Locomotion of a single-flagellated bacterium

Significance 

Naturally, flagellated bacteria move through swimming that involves various strategies dictated by the number and position of the flagella on the cell body. Technically, the movement of these bacteria is supported by rotary motors connected to the flagellar filament extended from the cell body. In the published literature, it has been shown that the forward and reverse swimming is as a result of the spinning of the flagellar motor and transmitting the motor rotation motion to the filament through a short compliant hook.

A monotrichous bacterium, for example, is capable of swimming either forward or backward when the hook is under compression and tension respectively. Lately researchers have focused on measuring the dynamic stiffening of the hook during steady swimming. Unfortunately, it has not given a clear picture of the causes and influence of subsequent parameters such as buckling and torsion.

Presently, several analytical and numerical methods like the boundary element method have been developed to study the dynamics of single-flagellated microorganisms. However, most of these techniques do not take into account the mechanical properties of the filament and the hook thus limiting their reliability.

To this note, Dr. Yunyoung Park, Yongsam Kim at Chung-Ang University together with Professor Sookkyung Lim at the University of Cincinnati developed a unique model for a freely swimming monotrichous bacterium. In particular, they designed a flexible filament and hook to enable bending and twisting. In addition, the authors achieved the rotation of the filament by rotating the motor only either by clockwise or counterclockwise and then transmitting the helical waves along the flagellum. They also investigated the interaction of the cell body and the flagellum and their corresponding effects. Their research work is currently published in the journal, Journal of Fluid Mechanics.

Briefly, the research team compared the swimming speeds and power efficiency with the previously obtained results to validate their mathematical model. Next, the influence of the different physical parameters such as rotational frequency on the swimming speed and rotation rate of the cell body was examined. Eventually, the relationship between the buckling angle and changing direction was explored to determine the critical threshold of the motor rotational frequency and the hook’s bending modulus.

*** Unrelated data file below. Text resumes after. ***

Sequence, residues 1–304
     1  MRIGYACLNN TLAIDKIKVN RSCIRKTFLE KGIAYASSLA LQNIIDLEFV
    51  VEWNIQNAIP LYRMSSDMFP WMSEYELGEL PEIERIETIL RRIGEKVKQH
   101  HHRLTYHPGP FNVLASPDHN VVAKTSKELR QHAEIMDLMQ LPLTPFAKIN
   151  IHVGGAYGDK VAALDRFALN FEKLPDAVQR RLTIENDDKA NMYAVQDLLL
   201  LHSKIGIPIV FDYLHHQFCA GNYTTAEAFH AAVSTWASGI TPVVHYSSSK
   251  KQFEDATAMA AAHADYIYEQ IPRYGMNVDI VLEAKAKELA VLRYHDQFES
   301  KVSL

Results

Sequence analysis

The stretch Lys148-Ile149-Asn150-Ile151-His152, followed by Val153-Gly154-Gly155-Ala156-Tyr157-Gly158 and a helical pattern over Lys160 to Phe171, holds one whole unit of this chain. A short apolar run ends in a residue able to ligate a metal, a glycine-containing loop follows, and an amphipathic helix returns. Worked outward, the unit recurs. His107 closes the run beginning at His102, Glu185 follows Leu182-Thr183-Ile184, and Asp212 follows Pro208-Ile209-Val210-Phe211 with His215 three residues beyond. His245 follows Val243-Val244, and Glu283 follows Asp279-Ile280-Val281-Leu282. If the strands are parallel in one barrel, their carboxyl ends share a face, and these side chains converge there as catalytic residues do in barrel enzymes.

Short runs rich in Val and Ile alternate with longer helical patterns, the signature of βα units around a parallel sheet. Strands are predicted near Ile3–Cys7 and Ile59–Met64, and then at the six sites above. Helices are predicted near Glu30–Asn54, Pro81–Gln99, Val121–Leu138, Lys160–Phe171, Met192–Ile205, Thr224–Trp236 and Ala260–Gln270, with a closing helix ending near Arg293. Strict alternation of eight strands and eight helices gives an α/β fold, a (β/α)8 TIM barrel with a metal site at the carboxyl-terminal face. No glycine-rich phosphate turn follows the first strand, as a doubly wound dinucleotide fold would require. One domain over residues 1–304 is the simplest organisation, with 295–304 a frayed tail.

The authors recorded swimming speeds and power efficiency of the cell similar to those initially obtained using the resistive force and slender body theories. However, the small discrepancy was attributed to the different driving force which was applied only at the motor rather than rotating the whole flagellum. Furthermore, it was worth noting that the swimming speed and the counterrotation rate of the cell body highly depended on the aspect ratio of the cell body.

In summary, the research team successfully investigated the locomotion of a single-flagellated bacterium. The influence of the variation in physical and geometrical properties of the hook and cell body exhibited significant effects on the buckling angle and swimming directions. For instance, heavier cell bodies turned with lesser degrees while slender cell bodies turned with larger degrees. This guarantees more degree of freedom to bacteria with rod-shaped cell bodies as compared to those with spherical cell bodies.

(Left) Backward and forward swimming motions of a monotrichous bacterium without a hook. The motor first rotates CW till t=50 ms and then switches to CCW rotation. When the motor rotates CW (CCW), the cell body counterrotates and the bacterium swims backward (forward).

(Right) Run-reverse-flick movement of a bacterium with a flexible hook. The rotation of motor changes CW to CCW at t= 20 ms, and the hook is more flexible from t=20 ms till t=50 ms when there occurs a buckling instability of the hook and the flicking of the cell body.

 

Locomotion-single-flagellated-bacterium -Advances-in-Engineering
Snapshots at some chosen times (left), and the trajectory of the dynamical motion of V. alginolyticus (right) which follows the order of start–reverse–flick–end. The motor frequency changes from -450 Hz to 450 Hz at t=20 ms. The hook is more flexible from t=20 ms to t=50 ms than the other time intervals, which induces a buckling instability of the hook and then reorientation of the bacterium.

About the author

Yongsam Kim is a professor in Department of Mathematics at Chung-Ang University in South Korea. His research area is computational fluid mechanics and mathematical biology. He is recently working on the locomotion of microorganisms, computational foam dynamics, vesicle motion in various fluid conditions, and the particle sedimentation in a non-Newtonian fluid.

About the author

Yunyoung Park is a postdoctoral researcher in the Innovation Center for Industrial Mathematics at National Institute for Mathematical Sciences in Republic of Korea. Her research interests are numerical simulations of locomotion of microorganisms, data analysis using machine learning and deep learning, and industrial mathematics.

About the author

Sookkyung Lim is a professor in the Department of Mathematical Sciences at the University of Cincinnati. Her research expertise lies in mathematical modeling, computer simulations, development of numerical algorithms, and analysis of dynamical processes to obtain insight into biological and physical problems. Currently her research is dedicated to studies of swimming microorganisms, cancer cell motility in the brain, and circadian rhythms.

Reference

Park, Y., Kim, Y., & Lim, S. (2018). Locomotion of a single-flagellated bacterium. Journal of Fluid Mechanics, 859, 586-612.

Go To Journal of Fluid Mechanics

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